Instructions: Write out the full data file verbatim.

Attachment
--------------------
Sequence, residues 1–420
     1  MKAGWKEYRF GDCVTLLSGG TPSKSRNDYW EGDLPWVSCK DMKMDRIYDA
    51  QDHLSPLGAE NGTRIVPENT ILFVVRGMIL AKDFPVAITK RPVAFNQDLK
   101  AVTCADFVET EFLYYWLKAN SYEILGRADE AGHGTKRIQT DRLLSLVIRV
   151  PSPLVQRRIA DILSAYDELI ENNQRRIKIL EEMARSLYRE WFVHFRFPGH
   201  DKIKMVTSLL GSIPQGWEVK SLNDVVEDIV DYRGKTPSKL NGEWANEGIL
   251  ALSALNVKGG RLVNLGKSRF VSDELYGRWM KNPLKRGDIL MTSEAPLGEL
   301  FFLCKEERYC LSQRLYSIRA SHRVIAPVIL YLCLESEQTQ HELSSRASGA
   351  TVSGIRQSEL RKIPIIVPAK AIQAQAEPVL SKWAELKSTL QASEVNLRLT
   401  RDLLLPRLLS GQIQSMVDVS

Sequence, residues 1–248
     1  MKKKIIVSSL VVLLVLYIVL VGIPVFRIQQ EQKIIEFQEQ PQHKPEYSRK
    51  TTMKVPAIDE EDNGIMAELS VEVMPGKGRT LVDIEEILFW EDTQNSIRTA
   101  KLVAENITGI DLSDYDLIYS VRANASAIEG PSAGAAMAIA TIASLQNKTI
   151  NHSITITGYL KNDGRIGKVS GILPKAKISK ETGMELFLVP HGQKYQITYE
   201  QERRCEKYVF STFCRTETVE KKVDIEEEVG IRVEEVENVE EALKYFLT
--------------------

Sequence, residues 1–420
     1  MKAGWKEYRF GDCVTLLSGG TPSKSRNDYW EGDLPWVSCK DMKMDRIYDA
    51  QDHLSPLGAE NGTRIVPENT ILFVVRGMIL AKDFPVAITK RPVAFNQDLK
   101  AVTCADFVET EFLYYWLKAN SYEILGRADE AGHGTKRIQT DRLLSLVIRV
   151  PSPLVQRRIA DILSAYDELI ENNQRRIKIL EEMARSLYRE WFVHFRFPGH
   201  DKIKMVTSLL GSIPQGWEVK SLNDVVEDIV DYRGKTPSKL NGEWANEGIL
   251  ALSALNVKGG RLVNLGKSRF VSDELYGRWM KNPLKRGDIL MTSEAPLGEL
   301  FFLCKEERYC LSQRLYSIRA SHRVIAPVIL YLCLESEQTQ HELSSRASGA
   351  TVSGIRQSEL RKIPIIVPAK AIQAQAEPVL SKWAELKSTL QASEVNLRLT
   401  RDLLLPRLLS GQIQSMVDVS

Sequence, residues 1–248
     1  MKKKIIVSSL VVLLVLYIVL VGIPVFRIQQ EQKIIEFQEQ PQHKPEYSRK
    51  TTMKVPAIDE EDNGIMAELS VEVMPGKGRT LVDIEEILFW EDTQNSIRTA
   101  KLVAENITGI DLSDYDLIYS VRANASAIEG PSAGAAMAIA TIASLQNKTI
   151  NHSITITGYL KNDGRIGKVS GILPKAKISK ETGMELFLVP HGQKYQITYE
   201  QERRCEKYVF STFCRTETVE KKVDIEEEVG IRVEEVENVE EALKYFLT